Q13. Given an address of 133.44.0.0 and a prefix mask of /25, how many networks can be addressed, and how many hosts can exist on each network? Write the first and last possible subnets in binary and decimal notation.

Answer: For the network address of 133.44.0.0, the subnet mask of 255.255.255.128 would enable you to address 510 subnets with 126 hosts on each subnet. This complies with the subnetting rule of not allocating addresses with all zeros or all ones. The following table illustrates the first and last subnet in their binary and decimal notation formats.
Binary Notation                    Decimal Notation
00000000.10000000              133.44.0.128
11111111.00000000                 133.44.255.0

Q14. What class of address is 131.188.0.0, and how many hosts can be addressed if no subnetting is used?

Answer: 131.188.0.0 is a Class B address and can address more than 65,000 hosts on one network if no subnetting is utilized.

Q15. If given a Class C address with the requirement to accommodate 14 subnets and 10 hosts on each subnet, what subnet mask would you use?

Answer: The mask is 255.255.255.240, or the prefix mask of /28.

Q16. List the range of hosts available on the 136.122.10.192/28 subnet.

Answer: The range of hosts available on the subnet 136.122.10.192 /28 is 136.122.10.193 to 206.

Q17. Convert the subnet address 56.98.5.0/24 to binary notation, and state the class to which it belongs.

Answer: The Class A subnet 56.98.5.0 when converted to binary notation is as follows:
00111000.01100010.00000101.00000000

Q18. Write out the decimal notation of the following subnet mask presented in the binary notation of 11111111.11111111.11111111.11111000.

Answer: The decimal notation of the subnet mask would be 255.255.255.248

Q19. What does VLSM stand for?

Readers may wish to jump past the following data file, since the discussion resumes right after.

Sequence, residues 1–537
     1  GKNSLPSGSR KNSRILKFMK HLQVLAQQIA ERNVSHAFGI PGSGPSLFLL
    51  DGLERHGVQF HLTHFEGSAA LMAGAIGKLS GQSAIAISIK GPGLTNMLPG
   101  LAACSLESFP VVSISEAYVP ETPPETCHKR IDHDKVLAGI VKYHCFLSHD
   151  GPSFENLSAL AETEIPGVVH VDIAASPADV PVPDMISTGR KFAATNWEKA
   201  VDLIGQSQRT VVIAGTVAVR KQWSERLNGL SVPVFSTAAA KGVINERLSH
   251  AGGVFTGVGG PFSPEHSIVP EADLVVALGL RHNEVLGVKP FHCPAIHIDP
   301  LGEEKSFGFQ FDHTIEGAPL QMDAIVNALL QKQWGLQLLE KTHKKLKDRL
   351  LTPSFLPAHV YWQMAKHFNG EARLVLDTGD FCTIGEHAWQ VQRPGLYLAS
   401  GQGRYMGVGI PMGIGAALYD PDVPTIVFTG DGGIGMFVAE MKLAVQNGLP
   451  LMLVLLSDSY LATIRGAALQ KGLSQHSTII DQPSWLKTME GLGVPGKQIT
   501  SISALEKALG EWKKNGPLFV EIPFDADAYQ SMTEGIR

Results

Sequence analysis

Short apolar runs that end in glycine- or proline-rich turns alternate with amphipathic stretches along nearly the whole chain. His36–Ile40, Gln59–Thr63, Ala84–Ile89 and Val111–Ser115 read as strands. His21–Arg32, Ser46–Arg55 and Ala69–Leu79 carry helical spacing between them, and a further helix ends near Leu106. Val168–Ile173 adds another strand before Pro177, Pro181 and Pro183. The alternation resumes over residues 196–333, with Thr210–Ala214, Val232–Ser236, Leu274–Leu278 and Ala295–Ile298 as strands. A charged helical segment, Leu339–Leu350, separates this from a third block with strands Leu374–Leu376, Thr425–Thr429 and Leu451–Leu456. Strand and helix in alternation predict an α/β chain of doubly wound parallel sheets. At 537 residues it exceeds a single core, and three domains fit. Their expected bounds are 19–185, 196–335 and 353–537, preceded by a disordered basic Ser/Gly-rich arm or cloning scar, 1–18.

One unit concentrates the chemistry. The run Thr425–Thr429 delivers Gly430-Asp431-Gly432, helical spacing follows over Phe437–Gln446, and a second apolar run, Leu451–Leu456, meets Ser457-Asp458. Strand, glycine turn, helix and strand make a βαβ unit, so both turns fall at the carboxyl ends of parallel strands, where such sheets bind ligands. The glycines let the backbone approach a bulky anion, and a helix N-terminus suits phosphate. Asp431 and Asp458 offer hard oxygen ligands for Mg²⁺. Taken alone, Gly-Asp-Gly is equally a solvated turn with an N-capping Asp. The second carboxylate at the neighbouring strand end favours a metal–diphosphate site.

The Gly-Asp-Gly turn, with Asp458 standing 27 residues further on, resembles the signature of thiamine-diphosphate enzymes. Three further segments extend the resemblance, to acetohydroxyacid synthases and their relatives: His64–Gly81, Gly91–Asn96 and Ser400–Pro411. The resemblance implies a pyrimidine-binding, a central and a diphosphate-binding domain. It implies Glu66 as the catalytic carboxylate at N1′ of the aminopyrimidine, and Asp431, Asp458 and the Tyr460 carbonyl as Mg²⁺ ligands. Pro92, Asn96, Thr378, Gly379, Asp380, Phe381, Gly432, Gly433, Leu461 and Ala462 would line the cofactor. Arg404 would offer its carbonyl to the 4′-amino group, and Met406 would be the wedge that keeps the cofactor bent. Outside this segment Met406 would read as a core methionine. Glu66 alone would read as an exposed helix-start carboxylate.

Answer: VLSM stands for variable-length subnet mask.

Q20. The Class B network address of 133.222.0.0 has been given a mask of 255.255.255.0. The subnets 133.222.8.0, 133.222.9.0, 133.222.10.0, 133.222.11.0, 133.222.12.0, Answer: 133.222.13.0, and 133.222.14.0 need to be summarized using VLSM. Give the subnet and new mask to achieve this summarization.

Answer: The subnet would be 133.222.8.0 with a mask of 255.255.248.0, or /21.

Q21. Is 201.111.16.0/20 a valid subnet mask?

Answer: Yes, this is a valid mask, and it will provide 16 consecutive Class C addresses to the organization.

Q22. Which routing protocols support VLSM?

Answer: RIPv2, OSPF, IS-IS, EIGRP, and BGP-4 support VLSM.

Q23. Briefly define route summarization.

Answer: Route summarization is the method of including many subnets in a few routing entries.

Q24. What sort of design scheme does route summarization require?

Answer: Route summarization requires a hierarchical addressing scheme.

Q25. In route summarization, where is the subnet mask moved?

Answer: In route summarization, the subnet mask is moved to the left.

Q26. How does summarization allow for smaller routing tables?

Answer: Summarizing is the consolidation of multiple routes into a single advertisement.

Q27. Identify two private addresses defined in RFC 1918.

Answer: The RFC 1918 addresses that you can use are as follows:

  • Class A: 10.0.0.0
  • Class B range: 172.16.0.0 through 172.31.0.0
  • Class C range: 192.168.1.0 through 192.168.254.0

Q28. What is a discontiguous network?

Answer: A discontiguous network is a network in which a NIC number is bisected by another NIC number.


Figure: Discontiguous Networks

Q29. What does CIDR stand for?

Answer: CIDR stands for classless interdomain routing.

Q30. Which RFC is responsible for first describing the use of subnet masking?

Answer: RFC 950 is responsible for this.

About the author

James Palmer

Leave a Comment